Thursday, March 10, 2016

Pseudo Anarchists

Having slagged off both self-pitying satire site owners and the 'Social Justice Warriors' they claim drove them off the web last time around, I thought that I might as well take potshots at another of my online pet hates: self-styled 'anarchists'. Trust me, just because you 'don't like being told what to do', that doesn't make you an anarchist.  Neither does once having told a cop to 'fuck off' when they told you not to jay walk, nor does refusing to obey 'Stop' signs at road junctions.  That sort of stuff just makes you a knob end. Nonetheless, there are people on Twitter who genuinely seem to believe that behaving like a petulant teenager actually makes them some kind of political radical.  Now, I'm not going to go into a full blown explanation of what anarchy is, but suffice to say that it is a political philosophy advocating self governance by the people, based around voluntary state institutions.  (It also has a more negative aspect, in that failing states, where normal political institutions and subsequently law and order, have failed, are referred to as being a state of anarchy.  In most documented incidences of such failing states - Albania in 1997 or Somalia in the late nineties, for instance - the result was effectively mob rule, with criminal gangs and local war lords operating unchecked.  For the average citizen, it wasn't a positive experience).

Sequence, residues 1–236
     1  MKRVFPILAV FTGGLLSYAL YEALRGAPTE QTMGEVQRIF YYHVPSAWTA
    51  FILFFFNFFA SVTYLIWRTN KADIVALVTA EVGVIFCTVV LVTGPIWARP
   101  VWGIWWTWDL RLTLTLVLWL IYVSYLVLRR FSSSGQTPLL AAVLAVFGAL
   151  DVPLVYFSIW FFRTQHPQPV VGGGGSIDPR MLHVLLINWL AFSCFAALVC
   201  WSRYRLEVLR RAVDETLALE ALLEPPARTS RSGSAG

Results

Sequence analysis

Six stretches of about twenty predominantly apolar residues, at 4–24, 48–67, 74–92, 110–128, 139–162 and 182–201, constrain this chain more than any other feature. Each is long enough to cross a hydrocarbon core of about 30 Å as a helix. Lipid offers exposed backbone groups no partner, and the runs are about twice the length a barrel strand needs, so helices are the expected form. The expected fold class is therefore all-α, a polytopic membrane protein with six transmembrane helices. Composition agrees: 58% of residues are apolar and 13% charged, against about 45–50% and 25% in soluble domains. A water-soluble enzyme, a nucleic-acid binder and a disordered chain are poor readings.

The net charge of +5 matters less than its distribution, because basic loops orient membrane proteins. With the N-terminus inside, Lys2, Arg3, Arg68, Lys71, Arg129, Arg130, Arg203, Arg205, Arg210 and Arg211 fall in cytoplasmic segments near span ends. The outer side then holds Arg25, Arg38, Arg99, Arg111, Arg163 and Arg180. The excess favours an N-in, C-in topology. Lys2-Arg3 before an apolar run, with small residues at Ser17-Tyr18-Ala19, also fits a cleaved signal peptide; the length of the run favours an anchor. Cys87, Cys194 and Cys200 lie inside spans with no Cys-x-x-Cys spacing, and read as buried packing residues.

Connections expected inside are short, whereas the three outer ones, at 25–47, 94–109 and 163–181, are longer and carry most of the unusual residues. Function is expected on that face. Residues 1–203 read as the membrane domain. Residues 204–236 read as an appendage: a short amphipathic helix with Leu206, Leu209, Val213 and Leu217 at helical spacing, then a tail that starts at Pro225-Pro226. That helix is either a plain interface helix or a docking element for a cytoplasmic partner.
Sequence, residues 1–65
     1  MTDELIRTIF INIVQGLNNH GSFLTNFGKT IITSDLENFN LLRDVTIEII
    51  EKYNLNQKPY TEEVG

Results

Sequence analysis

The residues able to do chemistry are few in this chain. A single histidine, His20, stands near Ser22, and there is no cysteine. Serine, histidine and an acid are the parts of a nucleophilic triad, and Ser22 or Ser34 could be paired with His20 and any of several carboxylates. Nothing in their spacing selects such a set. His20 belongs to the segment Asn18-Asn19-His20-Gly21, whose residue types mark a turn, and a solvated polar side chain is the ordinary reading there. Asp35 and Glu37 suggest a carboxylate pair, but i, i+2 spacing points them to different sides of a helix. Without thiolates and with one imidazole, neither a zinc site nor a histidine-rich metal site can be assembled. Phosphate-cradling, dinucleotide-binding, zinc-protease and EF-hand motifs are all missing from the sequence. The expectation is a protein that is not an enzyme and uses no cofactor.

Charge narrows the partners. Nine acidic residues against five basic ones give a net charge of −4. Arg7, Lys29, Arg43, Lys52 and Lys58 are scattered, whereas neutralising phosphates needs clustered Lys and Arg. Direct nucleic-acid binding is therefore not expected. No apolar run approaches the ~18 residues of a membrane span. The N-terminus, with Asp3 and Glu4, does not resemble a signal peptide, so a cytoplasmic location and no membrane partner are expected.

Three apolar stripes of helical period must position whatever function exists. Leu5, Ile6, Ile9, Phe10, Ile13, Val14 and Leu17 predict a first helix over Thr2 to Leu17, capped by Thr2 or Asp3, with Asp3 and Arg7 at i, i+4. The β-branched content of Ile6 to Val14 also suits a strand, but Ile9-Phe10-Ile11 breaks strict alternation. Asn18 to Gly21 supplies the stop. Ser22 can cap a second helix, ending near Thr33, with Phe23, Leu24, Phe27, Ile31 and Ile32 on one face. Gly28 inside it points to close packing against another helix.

Anarchy in the political sense has many variations but, to keep it simple, we'll take it to mean the rejection of the state's authority over the individual and the legitimacy of institutionalised hierarchies.  Which doesn't necessarily mean that you couldn't be told what to do in a hypothetical anarchist society - a collectivist anarchistic community might decide to have laws based upon the consensus of its members.  So, if you disagree with a law and want to defy it, whilst the society might not use force to make you observe the law, your position would be untenable and the consensus would probably be to expel you.  Clearly then, simply not liking being told what to do doesn't qualify you as an anarchist. any more than giving the finger to any form of state authority does.  But that doesn't deter these would-be Twitter radicals, who spend all their time tweeting about how they are being oppressed by the state (usually because they've been given a speeding ticket).  Whilst this might seem mildly amusing, they also have a darker side, frequently using their devotion to 'anarchy' to justify all manner of hate speak, by claiming that anti-discrimination laws are a form of state oppression, stifling their right to free speech.  But I find one of the most perplexing aspects of some of these pseudo-anarchists, bearing in mind that a true anarchist rejects hierarchies, is their devotion to God.  That's right, in between telling us how they once spat on a cop car, they extol the glories of the Almighty.  And, let's face it, there can't be anything more hierarchical than the existence of a supreme being with dominion over all our lives, (and who, incidentally, tells us what to do via the teachings of Christ, Mohammed or whichever prophet you subscribe to).  Hmmm, anarchy, eh?  Not as I know it.

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